Long coastline, orange orchards and delicious wines
The Mediterranean landscape of the region of Valencia with its long coasts alternating with striking mountains is a great place to visit for any tourist. The region boasts more than 600 kilometers of coastline with amazing climate all year round and is a perfect holiday destination. It has a population of about 5 million people spread out in the major cities like Valencia and smaller towns and villages. The region is also major orange growing area and accounts for more than half of the total Spanish production. Other that the oranges, the region also produces excellent local wines. Some important wines of the region are DO Utiel-Requena and DO Valencia wines.
Places – top 3 to visit if you are in Valencia
1. Rioja – The region which brings you the most famous Spanish wines
Rioja is a province of Spain located in the north of the Iberian Peninsula. This region is famous for the wines and has over 500 wineries spread across 54000 hectares of land. The diversity of Rioja is not just limited to its wines though. It offers a great amount of religious and cultural variety. Rioja is linked to the famous Saint James pilgrim route and boasts the San Millan Yuso and Suso monastaries, which are designated UNESCO World Heritage sites. It is also a great destination for nature lovers. The amazing landscapes of Sierra de Cebollera Nature Reserve and the Arnedillo Biosphere Reserve are not to be missed!
2. Alicante – The heart of tourism in Valencia
Located in the middle of the Costa Blanca, Alicante is one most important tourist destinations in the Spanish east coast. The many golf courses, along with the tranquil waters of the Mediterranean Sea, are part of the appeal of this beautiful harbour city, which sits at the foot of the Castle of Santa Barbara, a silent witness to the numerous civilisations to have settled here.The historic quarter, at the foot of this fortress, conceals an interesting religious and civil architectural legacy, including the emblematic Explanada de España (Spain boulevard), a traditional recreational area to the local residents.Alicante is also a land of deeply-rooted traditions, such as the Moors and Christians festivities and the Night of San Juan.
3. Benidorm – Beauty and buzzing energy at every turn
Located in the Marina Baixa region in Alicante, Benidorm is one of the top tourist destinations on the Costa Blanca, thanks to its excellent beaches and its wide range of accommodation, restaurants and leisure activities. Its historic centre stands on a promontory, and contrasts with the broad avenues lined with buildings, shops and outdoor cafés which extend five kilometers along the coastline. Benidorm offers a whole range of possibilities: from strolling along the seafront promenade or swimming in the sea, to enjoying a range of water sports or taking a boat trip to the island of Benidorm. Benidorm is one of the most important tourist resorts on Alicante’s Costa Blanca. Its fine sandy beaches, crystal clear waters and outstanding year-round climate have made it justly famous, and it also has a full range of first rate infrastructures and services.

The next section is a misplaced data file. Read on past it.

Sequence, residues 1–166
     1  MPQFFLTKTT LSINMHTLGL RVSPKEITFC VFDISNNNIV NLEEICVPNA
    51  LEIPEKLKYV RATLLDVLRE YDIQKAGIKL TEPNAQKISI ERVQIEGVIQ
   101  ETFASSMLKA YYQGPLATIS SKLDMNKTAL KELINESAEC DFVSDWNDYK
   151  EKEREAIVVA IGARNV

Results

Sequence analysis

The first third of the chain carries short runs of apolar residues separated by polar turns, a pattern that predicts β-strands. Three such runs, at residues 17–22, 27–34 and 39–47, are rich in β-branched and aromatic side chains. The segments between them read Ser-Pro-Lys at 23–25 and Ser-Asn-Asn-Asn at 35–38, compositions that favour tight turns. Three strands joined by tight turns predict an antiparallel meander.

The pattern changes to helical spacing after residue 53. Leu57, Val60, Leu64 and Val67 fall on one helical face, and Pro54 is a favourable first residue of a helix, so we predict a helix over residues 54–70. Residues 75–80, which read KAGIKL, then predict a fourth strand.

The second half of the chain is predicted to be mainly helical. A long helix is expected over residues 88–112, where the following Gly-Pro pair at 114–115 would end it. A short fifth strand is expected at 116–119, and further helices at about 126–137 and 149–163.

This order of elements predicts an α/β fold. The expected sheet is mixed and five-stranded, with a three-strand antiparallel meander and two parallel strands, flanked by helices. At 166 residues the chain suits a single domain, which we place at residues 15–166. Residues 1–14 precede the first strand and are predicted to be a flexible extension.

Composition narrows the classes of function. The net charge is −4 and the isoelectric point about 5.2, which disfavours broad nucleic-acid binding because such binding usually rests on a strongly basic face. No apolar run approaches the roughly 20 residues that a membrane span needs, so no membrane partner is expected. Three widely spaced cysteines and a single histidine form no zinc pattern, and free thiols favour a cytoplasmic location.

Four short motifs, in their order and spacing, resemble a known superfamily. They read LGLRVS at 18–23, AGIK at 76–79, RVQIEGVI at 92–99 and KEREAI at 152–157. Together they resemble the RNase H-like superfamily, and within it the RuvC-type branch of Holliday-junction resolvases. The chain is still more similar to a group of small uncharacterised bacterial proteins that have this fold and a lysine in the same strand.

Food and Drink – top 3 to try in Valencia
Happiness is great food and great company
Like the rest of Spain, Valencia was an important zone for many invaders – Phoenicians, Greeks, Carthaginians, Romans, Moors, and Visigoths. The capital city is also called Valencia, founded by Romans in 138 B.C. as Valentia, meaning “strong” or “powerful.” In the early part of the 8th century, the Moors arrived in Valencia and governed the region for 500 years. Their influence is evident in the area’s culture and cuisine. The Moors introduced rice, sugarcane, oranges, and almonds and advanced irrigation systems. Valencia was reconquered by Christians in the 15th century. Although there is an incredibly diverse cuisine in Valencia, rice dominates the region’s menus. Rice dishes can be broken down into “dry” rice dishes, like paella, and rice stews called arroz caldoso in Spanish, which is cooked in traditional ceramic or metal dishes. Then, there are oven-baked rice dishes like arroz al horno (arros al forn) and soft rice dishes made in earthenware casseroles like arros amb costra with an egg crust. Although Valencia is known for the high-quality rice it grows and rice dishes, such as the now world-famous paella, the traditional gastronomy of the region has much more to offer. The coastal plains and the inland mountain areas have two distinct cuisines. Fish, seafood, and rice are the mainstays of the coastal cuisine, whereas meat dishes including game, lamb, and kid goat are common in the mountain areas. Both mountain and coastal areas of Valencia can claim their own ollas or stews that can include seafood, vegetables, beef, pork, lamb or other meat, dried meat, bacon, beans and/or sausages.